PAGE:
Mark Spitz ruled the pool in 1972. But now, he concedes, it’s time for Michael Phelps to tie or surpass his record of seven gold medals in a single Olympic Games.
“Listen, this has lasted for 36 years,” Spitz told TODAY co-host Matt Lauer on Thursday. “It’s a long time. It’s about time that somebody else takes the throne. And I’m very happy for him. I really truly am.
“You know, there’s a lot of pressure that he’s going to have on his shoulders over the next number of years. I think he’ll weather it just fine, and I’m going to be rooting him on.”
Phelps has already captured the 10th and 11th gold medals of his Olympics career, the most games golds of any athlete ever. Now he is trying to surpass Spitz’s record of seven gold medals in a single Olympiad.
So far he has won five gold medals at the 2008 games, both by himself and with his team. And each medal has come in a world-record time — just as Spitz did it in Munich in 1972.
“Somebody once told me that greatness is a manner of measure which others judge themselves by,” Spitz said. “And I think if Michael has judged his dreams by something that I have done, then I take that as a compliment — and I’m willing and ready, and so excited for him.”
Like a broken record
In his glory years, 1968-72, Spitz set 33 world records. But times have changed since those days. In these Olympic games, his world-record times in the 1972 Olympics would be good for only 55th out of 58 swimmers in the 200-meter freestyle heats. He would be 33rd among the 44 swimmers in the 200-meter freestyle.
With 12 world records set in swimming so far in Beijing, there has been some criticism that high-tech swimsuits such as the skintight Speedo LZR amount to “technological doping.” But Spitz said the issue was “all relative,” because every swimmer has access to such suits.
“I’ve always said, if the suit was making the swimmers go fast, than I should buy Tiger Woods golf clubs,” Spitz told Lauer with a laugh. “And you and I, if we just hold them, we’re going to play like that. But that’s not the case.
“I know that they had some studies about that suit about eight years ago, and they said [a swimmer] had to go faster than about 6 miles an hour to get the full effect. That would mean swimmers that were 50-meter swimmers would be the [only] ones who would benefit from it. Michael did not swim in that full suit in the first race in the 400 individual medley; he used a smaller version of it. So I think it’s a personal choice.”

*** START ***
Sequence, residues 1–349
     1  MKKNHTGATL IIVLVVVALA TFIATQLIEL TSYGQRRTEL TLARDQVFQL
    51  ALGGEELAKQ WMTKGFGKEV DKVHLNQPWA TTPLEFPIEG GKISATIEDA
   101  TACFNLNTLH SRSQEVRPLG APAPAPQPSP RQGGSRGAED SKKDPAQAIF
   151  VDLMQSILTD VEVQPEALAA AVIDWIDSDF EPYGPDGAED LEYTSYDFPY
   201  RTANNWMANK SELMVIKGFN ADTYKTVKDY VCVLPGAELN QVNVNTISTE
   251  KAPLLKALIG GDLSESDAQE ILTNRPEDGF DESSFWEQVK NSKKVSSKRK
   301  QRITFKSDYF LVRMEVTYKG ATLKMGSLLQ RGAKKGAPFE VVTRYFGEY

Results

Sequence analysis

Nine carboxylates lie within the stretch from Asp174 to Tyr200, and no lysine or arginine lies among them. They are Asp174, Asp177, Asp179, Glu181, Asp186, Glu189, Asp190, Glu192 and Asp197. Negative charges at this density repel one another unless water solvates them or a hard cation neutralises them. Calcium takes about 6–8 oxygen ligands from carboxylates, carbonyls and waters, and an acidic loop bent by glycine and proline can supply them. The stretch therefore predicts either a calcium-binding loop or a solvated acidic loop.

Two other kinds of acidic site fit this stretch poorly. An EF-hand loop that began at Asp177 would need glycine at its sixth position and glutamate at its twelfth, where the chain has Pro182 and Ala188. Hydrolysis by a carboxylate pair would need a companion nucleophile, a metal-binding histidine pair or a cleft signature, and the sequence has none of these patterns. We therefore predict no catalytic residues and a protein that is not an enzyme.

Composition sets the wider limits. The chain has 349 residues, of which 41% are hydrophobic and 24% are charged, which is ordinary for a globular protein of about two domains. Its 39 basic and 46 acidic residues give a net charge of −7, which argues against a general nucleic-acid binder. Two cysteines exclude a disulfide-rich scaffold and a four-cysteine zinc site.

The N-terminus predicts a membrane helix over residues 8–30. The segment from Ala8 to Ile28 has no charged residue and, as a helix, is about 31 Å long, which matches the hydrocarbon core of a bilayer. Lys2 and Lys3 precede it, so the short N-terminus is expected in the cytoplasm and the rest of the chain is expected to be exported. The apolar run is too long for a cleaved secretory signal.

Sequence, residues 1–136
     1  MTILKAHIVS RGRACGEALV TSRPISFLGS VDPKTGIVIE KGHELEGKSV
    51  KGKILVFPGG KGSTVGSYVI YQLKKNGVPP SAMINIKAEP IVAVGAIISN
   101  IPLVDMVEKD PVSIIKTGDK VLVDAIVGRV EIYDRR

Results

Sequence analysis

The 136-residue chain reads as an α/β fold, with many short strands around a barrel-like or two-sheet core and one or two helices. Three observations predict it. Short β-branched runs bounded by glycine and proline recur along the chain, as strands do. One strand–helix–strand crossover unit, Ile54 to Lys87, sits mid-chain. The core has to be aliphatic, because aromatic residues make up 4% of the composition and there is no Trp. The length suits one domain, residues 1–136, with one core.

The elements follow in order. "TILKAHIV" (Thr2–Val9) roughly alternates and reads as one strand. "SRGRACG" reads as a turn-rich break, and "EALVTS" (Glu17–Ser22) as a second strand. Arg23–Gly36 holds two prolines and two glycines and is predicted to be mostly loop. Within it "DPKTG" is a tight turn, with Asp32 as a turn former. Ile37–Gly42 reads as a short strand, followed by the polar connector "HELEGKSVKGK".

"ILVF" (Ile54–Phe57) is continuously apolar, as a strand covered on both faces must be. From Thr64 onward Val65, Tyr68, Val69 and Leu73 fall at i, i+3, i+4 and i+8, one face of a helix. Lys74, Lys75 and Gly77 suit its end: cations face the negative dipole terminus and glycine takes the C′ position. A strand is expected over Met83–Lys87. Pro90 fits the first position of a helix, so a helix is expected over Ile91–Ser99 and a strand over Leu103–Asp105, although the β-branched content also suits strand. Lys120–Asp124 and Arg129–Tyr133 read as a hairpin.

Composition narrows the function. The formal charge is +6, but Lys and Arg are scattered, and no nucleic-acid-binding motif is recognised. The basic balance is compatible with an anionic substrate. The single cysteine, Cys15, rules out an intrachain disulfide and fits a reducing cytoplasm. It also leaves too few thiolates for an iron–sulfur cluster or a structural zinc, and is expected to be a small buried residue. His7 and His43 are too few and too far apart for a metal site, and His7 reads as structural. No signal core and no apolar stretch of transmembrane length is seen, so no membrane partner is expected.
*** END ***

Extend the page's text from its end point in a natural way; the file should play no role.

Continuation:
Spitz, now 58, argued that Phelps, 23, just may be better equipped between the ears. “I really take my hat off to his concentration over the last four years,” he said. “I mean, he really had a crack at breaking my record of seven gold medals [in 2004]. We talked about that four years ago, and unfortunately, one of the relays didn’t come through for him, they didn’t get the gold medal. So to stay focused for four years and to master all of the pressure that he’s gotten is just remarkable.”
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The challenge ahead
NBC swimming analyst Rowdy Gaines still believes it will be a “miracle” for Phelps to win eight gold medals.
Video: Phelps inspires the nation Many believe Phelps will see his greatest individual challenge in the 200-meter individual finals against American teammate Ryan Lochte tonight. Lochte narrowly finished second to Phelps at the last Olympics, but had an 0.01-second advantage over his good friend in Thursday’s semifinals.
Spitz, however, wondered aloud if thoughts of not winning the gold in the 100-meter butterfly on Saturday and the 4x100-meter medley relay on Sunday may have entered Phelps’ head.
“I think I’m the only guy, certainly, that knows what he’s going through — and right now, this is the hardest time,” Spitz said. “This next two gold medals and the relay — he’s probably second-guessing himself a little bit, perhaps, about, ‘Boy, can I get out of not wanting to swim an event and look gracious about it and having a perfect score of maybe 7-for-7 and not having a loss?’
“And he’s not thinking about times, either. I think he’s thinking about not a world record, but just to get that gold medal.”
From a distance
Spitz, now a motivational speaker and a stockbroker, spoke to Lauer from Los Angeles. There had been reports that Spitz was unhappy about not being invited to Beijing by the International Olympics Committee; AFP in Hong Kong quoting him as saying, “You don't go to the Olympics just to say, ‘I am going to go.’ Especially because of who I am … I am going to sit there and watch Michael Phelps break my record anonymously? That's almost demeaning to me. It is not almost — it is.”
“[Some reporters] thought that I was supposed to be invited by some entity, and I told them that wasn’t really the case, that doesn’t happen that way,” Spitz explained.
“I’m sort of disappointed that I wasn’t there. But that interview somehow took a different turn. I’ve done hundreds and hundreds of them, and I’ve been true to form about the way I feel about Michael. He’s doing a great job for the United States and inspiring a lot of great performances by the other [U.S.] team members.”
Spitz said he was thrilled that if anyone could beat or tie his record for most gold medals, it’s someone like Phelps.
“He is the single greatest Olympic athlete of all time now,” Spitz said. “He will be probably the single greatest athlete compared to anybody in any century, the 20th, the 21st century — whatever.
“You know, you judge a person’s character by the company you keep, and I’m glad I’m keeping company with Michael Phelps. I’ll be happy to stand aside and let him carry the torch. He’s just one great athlete, and it’s very exciting to watch him.”
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